Cast your mind back to 2014 for a moment.

    Some of us were reeling from Gwyneth and Chris’s ‘consciously uncoupling’, while others were reeling from England being knocked out in the World Cup group stages.

    And if the Ice Bucket Challenge didn’t wake us up, then the announcement of the revolution that was pension freedoms certainly did.

    There was mass panic in some quarters that everyone was going to take all of their pension funds on their 55th birthday and buy a superyacht… or a pedalo, depending on the funds available.

    However 2015 rolled around and this didn’t happen, at least, not to the extent that some people feared. This was due in no small part to the amount of work put in by planners providing suitable advice to their clients.

    Admittedly, my view may be skewed in that I only tend to deal with forward-thinking advisers and those planners who offer a great, holistic service.

    But I have been encouraged by the common sense approach so many clients seemed to take following their planning meeting.

    Taking that into account, I thought I’d share my top five tips when it comes to suitable advice around pension freedoms.

    1) Clear and specific objectives

    The FCA hates a generic objective, as do I. The advice must show it meets specific objectives but if these are absent, it’s much harder to prove you’re providing suitable advice.

    I’d much rather see an objective stating “the client wants to buy a yacht when he’s 68” than “the client wants flexibility in retirement”. Don’t we all?

    The outcome may be the same, regardless of how the objective is stated. For example, the outcome may be switching to a particular investment solution/platform to provide growth until such time as the client hits retirement, at which point they move into drawdown.

    But the client (and your compliance department) much prefers the specifics.

    2) Cashflow planning

    This should be completed at outset, and completed regularly.

    It's worth including a variety of scenarios and stress tests. This is invaluable to the client who can then be shown exactly what it means to take an income and how a change in retirement date, growth or withdrawals can impact them.

    3) Drop the jargon

    Clients do not want to hear about how a growth of 'x' per cent and withdrawals of 'y' per cent result in a net loss of 'z' per cent to the power of blah. They want to know they can take £10,000 a year from their pension and not have to die earlier than planned.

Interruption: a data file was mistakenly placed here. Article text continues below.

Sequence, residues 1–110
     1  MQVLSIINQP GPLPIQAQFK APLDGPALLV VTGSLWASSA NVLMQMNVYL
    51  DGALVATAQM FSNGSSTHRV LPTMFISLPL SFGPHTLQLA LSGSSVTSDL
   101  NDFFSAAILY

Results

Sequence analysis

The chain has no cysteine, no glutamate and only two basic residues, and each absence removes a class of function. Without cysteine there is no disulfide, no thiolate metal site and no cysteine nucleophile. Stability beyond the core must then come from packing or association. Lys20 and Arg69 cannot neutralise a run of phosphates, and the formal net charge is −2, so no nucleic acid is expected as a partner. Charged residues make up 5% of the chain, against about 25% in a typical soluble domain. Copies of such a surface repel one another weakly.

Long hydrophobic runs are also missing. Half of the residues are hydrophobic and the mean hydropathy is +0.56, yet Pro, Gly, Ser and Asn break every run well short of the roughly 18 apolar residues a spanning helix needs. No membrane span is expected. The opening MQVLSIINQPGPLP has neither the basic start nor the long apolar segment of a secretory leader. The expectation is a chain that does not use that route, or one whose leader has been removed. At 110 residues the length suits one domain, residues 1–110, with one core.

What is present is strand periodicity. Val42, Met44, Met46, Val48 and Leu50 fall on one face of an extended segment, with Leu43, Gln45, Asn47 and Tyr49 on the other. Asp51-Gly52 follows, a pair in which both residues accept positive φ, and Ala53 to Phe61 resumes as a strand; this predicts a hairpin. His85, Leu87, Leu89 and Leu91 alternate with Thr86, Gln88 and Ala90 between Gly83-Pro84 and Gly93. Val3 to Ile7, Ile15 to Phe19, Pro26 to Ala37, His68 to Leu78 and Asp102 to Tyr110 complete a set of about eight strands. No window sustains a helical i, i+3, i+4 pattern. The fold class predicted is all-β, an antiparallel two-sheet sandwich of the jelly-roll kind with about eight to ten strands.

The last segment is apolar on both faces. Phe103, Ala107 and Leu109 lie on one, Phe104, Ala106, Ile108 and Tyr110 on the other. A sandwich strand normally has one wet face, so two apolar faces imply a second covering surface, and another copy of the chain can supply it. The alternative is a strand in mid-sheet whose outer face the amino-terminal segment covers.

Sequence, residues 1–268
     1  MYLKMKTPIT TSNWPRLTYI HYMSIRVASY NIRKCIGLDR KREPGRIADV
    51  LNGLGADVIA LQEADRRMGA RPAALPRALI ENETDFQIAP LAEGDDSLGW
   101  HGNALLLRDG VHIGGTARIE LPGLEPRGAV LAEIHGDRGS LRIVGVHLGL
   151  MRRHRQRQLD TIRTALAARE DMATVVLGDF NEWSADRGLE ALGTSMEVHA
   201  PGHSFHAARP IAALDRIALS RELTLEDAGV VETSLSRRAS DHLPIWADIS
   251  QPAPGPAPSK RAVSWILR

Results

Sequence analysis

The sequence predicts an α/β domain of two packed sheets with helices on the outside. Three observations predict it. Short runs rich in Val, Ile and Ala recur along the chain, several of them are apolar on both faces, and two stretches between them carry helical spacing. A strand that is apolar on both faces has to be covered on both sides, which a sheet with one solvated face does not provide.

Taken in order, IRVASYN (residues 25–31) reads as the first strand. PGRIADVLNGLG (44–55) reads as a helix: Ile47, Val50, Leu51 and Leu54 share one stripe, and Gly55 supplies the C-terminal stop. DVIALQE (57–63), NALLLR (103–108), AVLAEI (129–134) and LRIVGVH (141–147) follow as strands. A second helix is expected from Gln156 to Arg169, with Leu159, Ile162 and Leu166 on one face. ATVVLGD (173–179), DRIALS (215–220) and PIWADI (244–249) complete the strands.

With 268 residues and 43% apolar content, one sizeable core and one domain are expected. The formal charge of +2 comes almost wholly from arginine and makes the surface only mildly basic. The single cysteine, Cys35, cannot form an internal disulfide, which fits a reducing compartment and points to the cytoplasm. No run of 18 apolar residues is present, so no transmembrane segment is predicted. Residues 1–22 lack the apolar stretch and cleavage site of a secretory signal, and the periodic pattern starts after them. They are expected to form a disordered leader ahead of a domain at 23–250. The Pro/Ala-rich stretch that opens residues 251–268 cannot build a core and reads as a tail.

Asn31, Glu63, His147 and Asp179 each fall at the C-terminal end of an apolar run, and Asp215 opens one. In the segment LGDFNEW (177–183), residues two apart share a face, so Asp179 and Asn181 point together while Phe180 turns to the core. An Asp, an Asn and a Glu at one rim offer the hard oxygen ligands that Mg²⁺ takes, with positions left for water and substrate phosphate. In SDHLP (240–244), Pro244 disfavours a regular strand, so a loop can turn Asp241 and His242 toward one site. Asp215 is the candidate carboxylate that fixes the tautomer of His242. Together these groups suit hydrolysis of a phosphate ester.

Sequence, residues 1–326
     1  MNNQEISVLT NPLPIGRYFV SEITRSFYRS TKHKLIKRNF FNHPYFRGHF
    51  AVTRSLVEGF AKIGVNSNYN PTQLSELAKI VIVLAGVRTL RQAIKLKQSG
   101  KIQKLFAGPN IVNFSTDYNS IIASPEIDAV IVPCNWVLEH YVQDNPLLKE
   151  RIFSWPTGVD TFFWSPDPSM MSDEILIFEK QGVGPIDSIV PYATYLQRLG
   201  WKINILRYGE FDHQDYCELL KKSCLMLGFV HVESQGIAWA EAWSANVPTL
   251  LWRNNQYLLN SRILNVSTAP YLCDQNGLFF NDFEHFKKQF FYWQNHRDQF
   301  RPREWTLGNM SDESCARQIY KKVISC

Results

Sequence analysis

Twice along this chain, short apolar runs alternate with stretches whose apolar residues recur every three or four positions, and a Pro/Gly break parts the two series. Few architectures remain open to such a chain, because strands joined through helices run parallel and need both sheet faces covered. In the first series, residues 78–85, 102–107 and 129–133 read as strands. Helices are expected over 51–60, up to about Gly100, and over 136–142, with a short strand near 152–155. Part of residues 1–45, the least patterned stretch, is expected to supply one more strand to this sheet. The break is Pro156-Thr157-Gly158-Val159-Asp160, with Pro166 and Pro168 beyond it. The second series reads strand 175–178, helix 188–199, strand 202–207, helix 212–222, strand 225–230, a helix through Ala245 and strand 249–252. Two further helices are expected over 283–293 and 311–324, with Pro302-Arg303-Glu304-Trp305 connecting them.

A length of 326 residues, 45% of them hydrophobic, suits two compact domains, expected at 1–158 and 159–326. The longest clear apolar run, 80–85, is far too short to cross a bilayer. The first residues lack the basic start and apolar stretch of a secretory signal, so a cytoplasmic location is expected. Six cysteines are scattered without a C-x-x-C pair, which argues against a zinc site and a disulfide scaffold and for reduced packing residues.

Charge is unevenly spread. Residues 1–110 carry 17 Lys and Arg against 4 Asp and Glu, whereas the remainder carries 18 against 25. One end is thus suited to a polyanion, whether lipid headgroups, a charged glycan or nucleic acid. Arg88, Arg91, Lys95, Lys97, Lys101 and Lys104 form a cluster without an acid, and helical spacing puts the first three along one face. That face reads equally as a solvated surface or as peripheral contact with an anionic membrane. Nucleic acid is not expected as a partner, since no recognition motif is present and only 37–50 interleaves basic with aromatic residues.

It’s really that simple.

    By all means, do all the calculations and formulas you want for your file. But when you see your client, it's important to keep it simple and straightforward as much as possible.

    Try to avoid percentages and basis points and long words such as decumulation. Can they afford to retire when they want, with how much they want, or not? That’s what they want to know.

    4) Don't panic

    I see a lot of client meeting notes with people worried about inflation and the global economy, and that's before we get to Brexit.  

    But planners will know that if there is a good plan in place, provided by a good planner, these external things don’t matter.

    Yes, there will be fluctuations and it might get a bit rocky, but if the cashflow has been tested and been proved to stand strong, the plan is likely to be unshaken much over the long term. Keep calm and carry on for want of a better phrase - it's clichéd because it's true. 

    5) Risky business 

    Risk is a bit of a buzz word for me at the minute.

    I can see a great plan for a client based upon a generic balanced level of risk. But I’m always wary when I see someone who’s need for risk exactly matches their attitude to risk and their capacity for loss.

    I would like to see a need for risk being more calculated. For example, you require £10,000 a year in 10 years' time and your based on your current value you would need a x amount of growth. That’s the risk you need to take.

    The risk you want to take may well be very different. It’s finding a plan that compromises between the two.

    Capacity for loss is a different being altogether and should not be linked to the above two. I would expect to see further calculations showing exactly how much the client can afford to lose of these funds; how much and for how long.

    This can be easily shown via cashflow, but should be a specific amount, not just a generic sentence such as “low to medium losses can be tolerated."

    I’m off for a ride around on my pedalo now, but if you have any questions, feel free to get in touch.


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